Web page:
Use of speech fillers such as “ah,” “Uhm’” and the likes are not just indications of less fluency. Sometimes, it means a minimal thinking and memory problems. New research by U.S. researchers warns that such speech problems may be an early indication of mental decline which could lead to Alzheimer’s disease.
Details of the study
The study involved many subjects who were shown an image within a space of two years. Those with signs of mild cognitive problems performed less well on certain verbal skills when compared to others who have no memory impairment.
The lead author of the research, Sterling Johnson from the University of Wisconsin-Madison said that they discovered that there are language aspects that are affected at a time we never thought – possibly before or at the same period memory impairment occurs.
Another lead author of the study, Kimberly Mueller said the mild thinking problem is different from what most people experience during old age. In the research, it happened several times within a short while.
Initially, the team performed the picture-and-description test on 400 subjects who had no cognitive problems, and this resulted in no verbal ability change. Consequently, they conducted the test on 264 other subjects who were registered at the Wisconsin Registry for Alzheimer’s prevention. The test examined people in their 50s and 60s, and many of them have their parents as Alzheimer’s patient. 64 of these people had already shown signs of early reduction or developed it in the next two years – according to neurological examination.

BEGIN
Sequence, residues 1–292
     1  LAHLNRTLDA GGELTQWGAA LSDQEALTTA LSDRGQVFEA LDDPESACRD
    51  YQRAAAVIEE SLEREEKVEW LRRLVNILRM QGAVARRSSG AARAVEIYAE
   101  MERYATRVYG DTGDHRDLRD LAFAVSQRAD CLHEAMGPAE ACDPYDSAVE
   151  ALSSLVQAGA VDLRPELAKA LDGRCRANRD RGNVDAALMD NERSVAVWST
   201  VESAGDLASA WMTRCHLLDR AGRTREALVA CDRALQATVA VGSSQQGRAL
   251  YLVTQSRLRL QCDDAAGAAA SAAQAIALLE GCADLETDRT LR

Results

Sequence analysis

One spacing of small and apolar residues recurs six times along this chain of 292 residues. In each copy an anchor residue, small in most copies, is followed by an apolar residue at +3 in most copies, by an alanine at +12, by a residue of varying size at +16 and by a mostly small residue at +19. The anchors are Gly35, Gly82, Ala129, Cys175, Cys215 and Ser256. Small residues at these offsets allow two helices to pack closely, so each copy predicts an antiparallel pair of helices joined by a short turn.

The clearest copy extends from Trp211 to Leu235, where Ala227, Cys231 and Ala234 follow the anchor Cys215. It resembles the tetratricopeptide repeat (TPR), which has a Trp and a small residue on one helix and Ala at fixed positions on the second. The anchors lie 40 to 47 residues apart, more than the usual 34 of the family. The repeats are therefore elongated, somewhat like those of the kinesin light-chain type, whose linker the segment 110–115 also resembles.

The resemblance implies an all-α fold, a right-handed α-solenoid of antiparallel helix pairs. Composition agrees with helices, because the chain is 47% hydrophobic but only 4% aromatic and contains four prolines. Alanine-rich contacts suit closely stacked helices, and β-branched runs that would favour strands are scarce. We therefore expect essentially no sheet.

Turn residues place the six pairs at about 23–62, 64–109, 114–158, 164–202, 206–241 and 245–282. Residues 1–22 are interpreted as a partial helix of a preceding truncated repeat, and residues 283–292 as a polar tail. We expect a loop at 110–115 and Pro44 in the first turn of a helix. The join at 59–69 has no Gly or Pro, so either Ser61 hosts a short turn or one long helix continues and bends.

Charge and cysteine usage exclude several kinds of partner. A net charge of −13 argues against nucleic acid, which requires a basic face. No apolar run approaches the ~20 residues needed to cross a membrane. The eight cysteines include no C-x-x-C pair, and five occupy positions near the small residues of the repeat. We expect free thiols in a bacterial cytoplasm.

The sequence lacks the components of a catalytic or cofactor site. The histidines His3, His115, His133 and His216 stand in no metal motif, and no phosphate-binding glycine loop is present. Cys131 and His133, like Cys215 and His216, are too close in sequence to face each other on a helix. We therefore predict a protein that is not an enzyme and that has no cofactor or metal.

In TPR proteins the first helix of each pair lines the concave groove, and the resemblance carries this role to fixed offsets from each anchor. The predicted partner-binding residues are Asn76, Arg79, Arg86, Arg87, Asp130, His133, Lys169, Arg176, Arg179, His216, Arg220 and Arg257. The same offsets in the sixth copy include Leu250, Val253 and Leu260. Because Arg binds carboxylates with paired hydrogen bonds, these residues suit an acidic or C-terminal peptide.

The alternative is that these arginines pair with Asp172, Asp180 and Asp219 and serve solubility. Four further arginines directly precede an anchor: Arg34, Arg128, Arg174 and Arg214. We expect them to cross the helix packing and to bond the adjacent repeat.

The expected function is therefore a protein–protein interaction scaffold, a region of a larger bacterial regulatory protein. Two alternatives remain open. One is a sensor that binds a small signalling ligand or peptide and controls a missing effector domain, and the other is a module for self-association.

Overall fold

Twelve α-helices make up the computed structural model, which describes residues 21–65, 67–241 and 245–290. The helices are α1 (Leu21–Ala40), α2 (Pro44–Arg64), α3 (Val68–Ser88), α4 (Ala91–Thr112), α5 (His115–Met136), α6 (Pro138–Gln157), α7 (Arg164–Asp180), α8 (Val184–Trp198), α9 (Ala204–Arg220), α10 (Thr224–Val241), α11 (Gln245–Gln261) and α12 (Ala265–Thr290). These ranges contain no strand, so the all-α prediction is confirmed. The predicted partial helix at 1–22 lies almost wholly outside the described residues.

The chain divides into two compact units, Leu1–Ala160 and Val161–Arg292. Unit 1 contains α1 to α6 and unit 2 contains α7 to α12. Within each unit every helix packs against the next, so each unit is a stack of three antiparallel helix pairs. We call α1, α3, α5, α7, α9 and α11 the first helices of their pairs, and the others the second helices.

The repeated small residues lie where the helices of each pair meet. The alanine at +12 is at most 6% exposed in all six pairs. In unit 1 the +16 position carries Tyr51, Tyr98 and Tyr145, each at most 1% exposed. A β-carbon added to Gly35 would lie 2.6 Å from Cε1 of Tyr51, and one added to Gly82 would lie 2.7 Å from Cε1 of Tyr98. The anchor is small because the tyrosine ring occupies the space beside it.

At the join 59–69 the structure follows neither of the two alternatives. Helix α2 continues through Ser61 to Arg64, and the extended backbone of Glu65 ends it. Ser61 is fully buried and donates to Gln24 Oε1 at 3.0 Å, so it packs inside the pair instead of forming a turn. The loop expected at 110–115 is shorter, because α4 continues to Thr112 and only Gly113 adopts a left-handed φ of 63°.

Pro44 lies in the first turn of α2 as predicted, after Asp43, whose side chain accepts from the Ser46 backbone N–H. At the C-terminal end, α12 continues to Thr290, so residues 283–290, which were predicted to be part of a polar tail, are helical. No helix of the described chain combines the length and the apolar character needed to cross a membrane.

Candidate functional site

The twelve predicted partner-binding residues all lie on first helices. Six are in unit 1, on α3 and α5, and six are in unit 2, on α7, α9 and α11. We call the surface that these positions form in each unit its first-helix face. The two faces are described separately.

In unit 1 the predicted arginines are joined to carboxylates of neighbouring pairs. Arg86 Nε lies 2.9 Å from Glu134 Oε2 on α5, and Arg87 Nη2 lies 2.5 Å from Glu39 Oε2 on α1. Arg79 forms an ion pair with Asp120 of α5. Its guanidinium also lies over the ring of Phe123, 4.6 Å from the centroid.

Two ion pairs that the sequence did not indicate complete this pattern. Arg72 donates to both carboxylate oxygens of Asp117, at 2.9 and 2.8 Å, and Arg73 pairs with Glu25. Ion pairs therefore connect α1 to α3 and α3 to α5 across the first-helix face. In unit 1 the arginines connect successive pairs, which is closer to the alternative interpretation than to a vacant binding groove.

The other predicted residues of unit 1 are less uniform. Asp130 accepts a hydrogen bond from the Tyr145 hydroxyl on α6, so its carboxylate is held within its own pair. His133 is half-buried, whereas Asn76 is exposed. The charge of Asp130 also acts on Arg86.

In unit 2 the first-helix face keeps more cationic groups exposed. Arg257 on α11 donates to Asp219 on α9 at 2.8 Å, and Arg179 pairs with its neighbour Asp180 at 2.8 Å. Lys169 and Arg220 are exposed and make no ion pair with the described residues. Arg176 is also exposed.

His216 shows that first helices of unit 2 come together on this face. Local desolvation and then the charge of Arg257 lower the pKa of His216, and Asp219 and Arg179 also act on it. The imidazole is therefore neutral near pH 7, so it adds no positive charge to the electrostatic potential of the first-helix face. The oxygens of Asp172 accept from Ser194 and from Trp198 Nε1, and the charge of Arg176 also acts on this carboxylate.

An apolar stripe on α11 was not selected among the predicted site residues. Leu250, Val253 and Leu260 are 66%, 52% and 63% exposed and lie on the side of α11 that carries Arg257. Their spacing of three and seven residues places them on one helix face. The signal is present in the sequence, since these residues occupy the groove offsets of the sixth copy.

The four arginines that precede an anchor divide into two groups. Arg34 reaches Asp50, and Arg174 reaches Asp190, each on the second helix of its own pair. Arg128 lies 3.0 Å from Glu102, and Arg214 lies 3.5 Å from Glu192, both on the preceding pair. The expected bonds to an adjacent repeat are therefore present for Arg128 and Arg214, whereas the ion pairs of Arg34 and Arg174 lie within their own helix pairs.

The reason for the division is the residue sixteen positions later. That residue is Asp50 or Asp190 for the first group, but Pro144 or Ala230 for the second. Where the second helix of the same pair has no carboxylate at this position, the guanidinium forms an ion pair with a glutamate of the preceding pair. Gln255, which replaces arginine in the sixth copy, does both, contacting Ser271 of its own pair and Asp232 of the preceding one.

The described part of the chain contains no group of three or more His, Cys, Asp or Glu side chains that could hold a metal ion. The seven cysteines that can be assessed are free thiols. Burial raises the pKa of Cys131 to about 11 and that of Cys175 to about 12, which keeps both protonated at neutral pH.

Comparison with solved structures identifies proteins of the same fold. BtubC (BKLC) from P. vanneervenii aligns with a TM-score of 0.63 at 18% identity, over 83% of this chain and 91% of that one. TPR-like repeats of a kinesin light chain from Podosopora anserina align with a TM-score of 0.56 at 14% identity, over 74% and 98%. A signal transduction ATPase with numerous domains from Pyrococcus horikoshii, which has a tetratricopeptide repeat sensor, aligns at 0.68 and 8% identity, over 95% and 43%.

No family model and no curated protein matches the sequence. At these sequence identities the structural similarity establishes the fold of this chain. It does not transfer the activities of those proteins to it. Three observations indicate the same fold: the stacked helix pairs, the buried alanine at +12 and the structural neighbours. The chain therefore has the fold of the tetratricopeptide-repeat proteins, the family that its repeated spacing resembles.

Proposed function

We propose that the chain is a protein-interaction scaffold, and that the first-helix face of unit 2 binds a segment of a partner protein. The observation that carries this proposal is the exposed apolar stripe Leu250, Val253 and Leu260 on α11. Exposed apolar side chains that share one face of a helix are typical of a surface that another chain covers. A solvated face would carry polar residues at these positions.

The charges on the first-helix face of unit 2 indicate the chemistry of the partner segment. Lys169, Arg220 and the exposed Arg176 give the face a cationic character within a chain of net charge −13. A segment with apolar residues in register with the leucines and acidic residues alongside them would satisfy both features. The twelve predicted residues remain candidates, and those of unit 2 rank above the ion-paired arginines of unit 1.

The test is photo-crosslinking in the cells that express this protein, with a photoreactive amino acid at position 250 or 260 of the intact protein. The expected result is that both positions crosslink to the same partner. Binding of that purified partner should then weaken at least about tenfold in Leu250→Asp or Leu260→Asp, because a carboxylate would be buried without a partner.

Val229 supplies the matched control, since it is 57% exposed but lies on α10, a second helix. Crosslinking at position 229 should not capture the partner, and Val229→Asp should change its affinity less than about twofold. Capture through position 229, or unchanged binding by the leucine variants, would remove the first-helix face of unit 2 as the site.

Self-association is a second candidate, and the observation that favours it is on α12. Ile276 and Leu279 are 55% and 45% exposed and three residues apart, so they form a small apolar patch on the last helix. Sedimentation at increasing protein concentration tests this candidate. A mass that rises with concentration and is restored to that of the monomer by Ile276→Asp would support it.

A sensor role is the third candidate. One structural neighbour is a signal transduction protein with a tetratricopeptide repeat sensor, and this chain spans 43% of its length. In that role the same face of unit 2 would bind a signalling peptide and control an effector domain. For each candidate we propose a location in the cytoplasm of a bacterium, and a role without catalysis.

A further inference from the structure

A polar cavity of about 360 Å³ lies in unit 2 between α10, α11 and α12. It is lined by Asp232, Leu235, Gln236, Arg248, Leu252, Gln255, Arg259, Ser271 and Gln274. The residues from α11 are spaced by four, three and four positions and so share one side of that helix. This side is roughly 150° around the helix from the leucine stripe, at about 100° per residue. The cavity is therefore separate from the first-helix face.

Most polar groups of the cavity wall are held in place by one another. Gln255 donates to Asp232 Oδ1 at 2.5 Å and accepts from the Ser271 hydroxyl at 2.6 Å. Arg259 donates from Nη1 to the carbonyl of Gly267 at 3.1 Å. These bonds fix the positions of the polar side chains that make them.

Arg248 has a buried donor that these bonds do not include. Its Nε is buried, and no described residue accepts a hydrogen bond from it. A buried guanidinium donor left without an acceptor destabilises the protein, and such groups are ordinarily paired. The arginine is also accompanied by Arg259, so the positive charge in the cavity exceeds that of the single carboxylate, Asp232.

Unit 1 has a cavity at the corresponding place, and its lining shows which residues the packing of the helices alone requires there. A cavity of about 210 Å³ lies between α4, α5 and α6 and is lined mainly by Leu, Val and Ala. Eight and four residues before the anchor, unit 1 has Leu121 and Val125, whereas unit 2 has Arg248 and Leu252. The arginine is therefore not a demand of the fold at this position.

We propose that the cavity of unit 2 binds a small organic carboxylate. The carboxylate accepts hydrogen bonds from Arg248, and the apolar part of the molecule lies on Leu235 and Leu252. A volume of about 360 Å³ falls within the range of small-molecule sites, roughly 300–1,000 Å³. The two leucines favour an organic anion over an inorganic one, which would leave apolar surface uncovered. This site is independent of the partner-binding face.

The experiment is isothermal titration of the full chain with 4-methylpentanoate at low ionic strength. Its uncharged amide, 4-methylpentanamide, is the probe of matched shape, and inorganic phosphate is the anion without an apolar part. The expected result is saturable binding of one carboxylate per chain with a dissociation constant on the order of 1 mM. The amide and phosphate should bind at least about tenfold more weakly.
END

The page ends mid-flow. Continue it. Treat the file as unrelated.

The next batch of the test revealed that they dropped on ideas and contents expressed, likewise fluency. They failed to pronounce shorter sentences and took more time to speak.
A related research suggests similar results
The result of the study was analyzed at the Alzheimer’s Association International Conference in London.
A distinct study by Taylor Fields, a doctoral student, and his team hinted the same thing – loss of hearing ability could be related to the mental-decline issue.
The research involved 783 persons from the same enrollment project. The study unveiled that participants who said that they have hearing impairments at the beginning of the research had more than two times a chance to suffer mild cognitive impairment in the next five years compared to those who never reported having a hearing issue.
However, the leader of researchers at Alzheimer’s Research UK said that not everyone with little memory issues deteriorates to dementia. She added that it would be great if scientists could go further to analyze if speech changes can be a means of identifying people who will develop dementia.